Bioinformatics Module – Metagenomics annotathon Assignment Report Template

Please use the attached template and sequence assigned to me. Answer all the question from section 1 to 4

Section 1.Finding the Open Reading Frame (ORF)

a.Genomic Sequence:

b. Translation Used:

c.Translated Sequence

d.Commentary on Translation

Section 2.BLAST Data and Sequence Alignment

a.Summary of BLAST Data (Maximum 2 pages of figures and text)

Be selective about what you show here – it might be worth summarizing your BLAST output as a table.Think about what information might be relevant to a reader.There is no point in having 10 pages of raw data showing pair-wise alignments.It would be better to find the closest homologues and provide a multiple alignment (see part b) with your sequence against their full sequences.

You will need to follow the Entrez links from your BLAST output to get these sequences in FASTA format and perform a multiple alignment. Show the minimum number of alignments to the nearest homologues to demonstrate what your protein relates to.

It is possible some of your top hits in BLAST may be the same protein from the same species (just sequenced by different researchers or in different context (for example, as synthetic constructs).Be wary about this as it is far more informative to be selective and show an alignment with proteins from different species if possible.

b.Multiple Sequence Alignment

Alignments are useful if you can align your sequence against the full-length versions of the homologues.Click on the accession numbers in your BLAST output data to full sequences and other information regarding the homologues. Highlight any regions of high homology.

c.Commentary on the BLAST data and Alignment (Maximum 100 words)

How confident are you about the BLAST data – remember to quote relevant scores and E-values.Has this protein ever been sequenced before? What is the percentage identity to the nearest homologues?If your putative protein is incomplete can you predict how much might be missing by examining the sequences of the homologues?

Section 3.Investigating Conserved Domains

  1. Protein domains and structure (Maximum 2 pages of figures and text)

This section will need to be completed with judicial use of supporting figures and text.Indicate which websites/databases were used to make any predictions


Can you infer anything about conserved functional domains of your putative protein either directly by analysing the primary sequence and/or by comparison to related proteins?Does your protein belong to any families or super-families of proteins based on conserved domains?

What is known about the structure? If you have a complete protein what is the MW and isoelectric point?If your protein is incomplete what are the values for the nearest homologue?If your protein is incomplete could we predict what is missing based on the sequence of nearest homologues? Is there a cellular localization signal – can you predict where in the cell this protein belongs? (Be careful about localization if it is likely prokaryotic!)

Optional – Assuming its structure has not been resolved – what can we infer about the 3D structure of your putative protein if anything? Note – remember the primary sequence database is many orders of magnitude larger than the tertiary structure database so this may not be applicable for all putative proteins.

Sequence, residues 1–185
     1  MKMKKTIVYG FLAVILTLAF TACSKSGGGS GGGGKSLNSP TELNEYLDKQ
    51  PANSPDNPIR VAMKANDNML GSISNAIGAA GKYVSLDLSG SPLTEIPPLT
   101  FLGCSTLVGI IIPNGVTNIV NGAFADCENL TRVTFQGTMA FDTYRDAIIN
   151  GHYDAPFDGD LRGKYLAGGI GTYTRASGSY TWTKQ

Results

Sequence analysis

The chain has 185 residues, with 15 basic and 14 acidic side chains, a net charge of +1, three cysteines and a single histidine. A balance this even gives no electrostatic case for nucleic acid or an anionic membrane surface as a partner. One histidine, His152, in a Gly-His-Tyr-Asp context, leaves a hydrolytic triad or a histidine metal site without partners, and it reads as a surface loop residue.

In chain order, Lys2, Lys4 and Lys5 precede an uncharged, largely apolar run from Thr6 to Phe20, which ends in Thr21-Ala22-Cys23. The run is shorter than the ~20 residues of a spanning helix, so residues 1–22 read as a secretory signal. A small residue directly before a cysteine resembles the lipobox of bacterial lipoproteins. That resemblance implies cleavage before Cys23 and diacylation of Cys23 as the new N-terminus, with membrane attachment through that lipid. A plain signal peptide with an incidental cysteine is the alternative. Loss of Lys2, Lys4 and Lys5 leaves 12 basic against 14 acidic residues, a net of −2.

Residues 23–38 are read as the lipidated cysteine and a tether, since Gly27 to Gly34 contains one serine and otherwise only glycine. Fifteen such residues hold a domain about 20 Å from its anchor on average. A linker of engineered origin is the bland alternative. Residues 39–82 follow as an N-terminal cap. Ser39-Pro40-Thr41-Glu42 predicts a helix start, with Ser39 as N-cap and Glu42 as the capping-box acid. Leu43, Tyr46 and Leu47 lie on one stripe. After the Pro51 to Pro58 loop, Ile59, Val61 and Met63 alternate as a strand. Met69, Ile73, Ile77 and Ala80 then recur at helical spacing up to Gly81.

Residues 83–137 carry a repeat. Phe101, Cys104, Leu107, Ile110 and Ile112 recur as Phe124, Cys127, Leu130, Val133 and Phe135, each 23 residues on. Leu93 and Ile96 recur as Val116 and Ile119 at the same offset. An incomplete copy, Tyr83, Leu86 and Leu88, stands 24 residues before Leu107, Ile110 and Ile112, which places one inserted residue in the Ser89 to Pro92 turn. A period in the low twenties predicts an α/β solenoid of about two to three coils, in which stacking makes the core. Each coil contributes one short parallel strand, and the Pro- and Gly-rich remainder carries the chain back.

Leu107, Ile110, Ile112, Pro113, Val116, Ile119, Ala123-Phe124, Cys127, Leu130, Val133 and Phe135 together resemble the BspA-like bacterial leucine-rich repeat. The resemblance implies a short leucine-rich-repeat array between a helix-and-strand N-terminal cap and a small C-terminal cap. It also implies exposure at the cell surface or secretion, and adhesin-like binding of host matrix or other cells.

Section 4.Proposed Biological Function and Taxonomy

a.Proposed Biological Function (Maximum 500 words plus supporting figures)

What does your putative protein do? When your ORF’s homologues have known functions, or if the ORF presents known conserved domains you may be able to predict a possible biological function. What can you conclude from the BLAST analysis and any conserved functional domains? You will need to search the relevant literature regarding these domains or the homologues themselves.


You may need to construct a basic phylogenetic tree using your BLAST output data. What can you infer about the species of origin of your DNA?What data does your phylogenetic tree provide? Does it make sense – would this class of organism likely to be found in the sample pool?

c.Assigning a Gene Ontogeny (GO) Term

Assign a relevant GO term from the simplified list of GO terms on the LMS from either (or both if applicable) the Molecular Processes or Biological Processes list.


Papers cited

Note: List the URLs of online tools used either in the figure captions or in text when referring to the relevant data.

A Note on General Scholarship

This report involves being judicious about what data you show.Remember that you are making a case for a proposed function and origin for your putative protein. You need to show the relevant data that makes this case for you.

Remember to include figure captions and legends and include references. Avoid simply cutting and pasting data from websites.

You will need to work on your figures to highlight regions/sequences of interest and to add labels which increase the clarity of your points. For example, highlight the coding portion of your genomic DNA or all I will see is a nucleotide sequence with no context.

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